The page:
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Golden Egg Curry

Golden Egg Curry


Golden Egg Curry Recipe

Serves 4

Burmese egg curry is a beautiful way of presenting eggs. They’re first boiled, then peeled and fried in medium-hot oil. The smooth whites blister and firm up into an attractive golden crust. Only then are eggs cut in half and added to a sauce—here, a light tomato-based sauce that’s mildly chile hot.

Serve with rice or bread, a crisp salad, and a condiment like Crispy Shallot Dried Shrimp Relish or Tart-Sweet Chile-Garlic Sauce.


4 large eggs or extra-large eggs, preferably free-range
1/3 cup peanut oil or unroasted sesame oil
1/8 teaspoon turmeric
2 small shallots, minced
2 teaspoons minced garlic
¼ teaspoon Red Chile Powder, or to taste
2 medium tomatoes (about ½ pound), finely chopped
2 teaspoons fish sauce
½ teaspoon salt, or to taste
2 or 3 green cayenne chiles, seeded and sliced lengthwise into 3 or 4 strips each


Place the eggs in a saucepan, add cold water to cover, bring to a boil, and cook at a medium boil for 8 minutes. Drain the eggs and cool in cold water. When the eggs are cool enough to handle peel them.

Heat the oil in a wide heavy skillet over medium-high heat. Add the tumeric and stir to dissolve it. When the oil is hot enough to sizzle when a drop of water is dropped into it, add the peeled eggs and fry until golden and a little blistered all over: cook on each side in turn, then try to balance the eggs on their ends to cook the tips. Frying the egg is a fun little task, quickly done, and it makes them very attractive. With a slotted spoon, lift the eggs out of the hot oil and onto a plate. Cut them lengthwise in half and set aside.

Pour off all but 2 to 3 tablespoons of the oil (the oil can be used again for stir-frying). Heat the oil remaining in the pan over medium heat, add the shallots and garlic, and fry briefly, until translucent. Add the chile powder and tomatoes and, stirring frequently to prevent sticking, cook at a strong simmer until the tomatoes have broken down into a softened mass, about 10 minutes.

Stir in the fish sauce and salt, then taste and adjust the seasoning if you wish. Raise the heat to medium-high, add the chile strips, and stir. Place the eggs cut side down in the sauce and cook until the oil sizzles, about 3 minutes. Serve hot or at room temperature.

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21 COMMENTS... read them below or add one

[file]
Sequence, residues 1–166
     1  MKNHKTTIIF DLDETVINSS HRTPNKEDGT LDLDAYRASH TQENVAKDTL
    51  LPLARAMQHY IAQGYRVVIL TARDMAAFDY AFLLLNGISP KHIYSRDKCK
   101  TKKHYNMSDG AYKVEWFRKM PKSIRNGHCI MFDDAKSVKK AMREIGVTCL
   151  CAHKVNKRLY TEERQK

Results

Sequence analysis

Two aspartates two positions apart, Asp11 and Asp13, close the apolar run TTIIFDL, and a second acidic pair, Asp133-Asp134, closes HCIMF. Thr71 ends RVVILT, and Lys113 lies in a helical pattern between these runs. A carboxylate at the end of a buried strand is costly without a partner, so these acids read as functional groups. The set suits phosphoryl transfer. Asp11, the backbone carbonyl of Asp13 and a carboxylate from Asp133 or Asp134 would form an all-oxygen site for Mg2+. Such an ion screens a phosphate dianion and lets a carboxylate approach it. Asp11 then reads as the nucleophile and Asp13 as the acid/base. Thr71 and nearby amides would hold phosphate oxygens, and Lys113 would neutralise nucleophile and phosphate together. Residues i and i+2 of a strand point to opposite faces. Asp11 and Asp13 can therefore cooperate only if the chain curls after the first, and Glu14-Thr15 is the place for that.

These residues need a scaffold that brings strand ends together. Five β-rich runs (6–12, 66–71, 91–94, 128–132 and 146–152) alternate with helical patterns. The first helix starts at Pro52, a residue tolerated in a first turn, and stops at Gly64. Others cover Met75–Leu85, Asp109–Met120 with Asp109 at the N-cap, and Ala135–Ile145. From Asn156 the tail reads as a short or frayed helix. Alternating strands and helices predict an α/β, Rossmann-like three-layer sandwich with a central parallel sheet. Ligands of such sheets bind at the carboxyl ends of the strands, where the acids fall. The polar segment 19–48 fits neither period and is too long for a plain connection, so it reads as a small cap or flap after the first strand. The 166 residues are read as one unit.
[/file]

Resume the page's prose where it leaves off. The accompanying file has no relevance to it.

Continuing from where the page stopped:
1. Sally Aye via Facebook

    Put some tamarind juice will taste even better. I don’t like eggs except egg curry. One of my favorite dish growing up in Burma. Hope you will share more Burmese recipes to the world. :)

  2. Michael M

    I can’t wait to try this! I love Burmese food! It’s a wonderful blend of Southeast Asian, Chinese & Indian flavors with it’s own unique twist. I frequently work with Burmese refugees and am very happy this great cuisine is getting more recognition. I hope to see more Burmese recipes here in the future.

  3. Denise Hebrank

    I received my copy of “Burma” on its release date. Gorgeous photography and so informative. The recipes are amazing! Reads like a travel log. I love egg curries and weather hard cooked or fried and allowed to drizzle over the rice, the eggs add a richness that can’t be beat.

  4. Vert Driver via Facebook

    i like the recommendation for free range eggs, what i have found a true free range chicken with a natural diet will have the richest tasting yolk.

  5. Kyi-Sin

    This is one of my favorite Burmese curries! I am happy to see a Burmese recipe on your blog since I am Burmese, and it is hard to find recipes on the internet. I have my mom on speed dial though :).

    • This dish may well have roots in South Asia, but it is a Burmese curry, Priyanka. There’s been lots of cross-influence around the Bay of Bengal… Many of the Indian egg curry dishes I’ve seen poach the eggs in the tomato-etc sauce, rather than this double cooking method, well triple in fact.

    • Michael M

      Burmese cuisine shares many dishes with that of India and Bangladesh. Seeing that these countries share a border and that these borders have shifted back and forth over time it’s not surprising.

    • Indian and Burmese food have influenced each other a lot.. Being an Indian who has experienced authentic burmese food made in burmese household I know some dishes are very similar..
      This is very much Burmese Curry, just because we have same style of egg curry in India it does not make this curry here any less Burmese…
      That is the beauty of food, it is does not defined by borders rather it flows like free water…

  6. Doug

    Thanks for the great recipe. Tried it last night and it hit just the right taste profile. Next time I’ll add a little more spice but the fish sauce really makes it.

  7. jsrosenfeld

    I have this book and it’s a treasure from a lesser known country that has great cuisine!

    The recipe is not too shabby either. I made it and it’s good, and that comes down from my entire family.

    Great blog!

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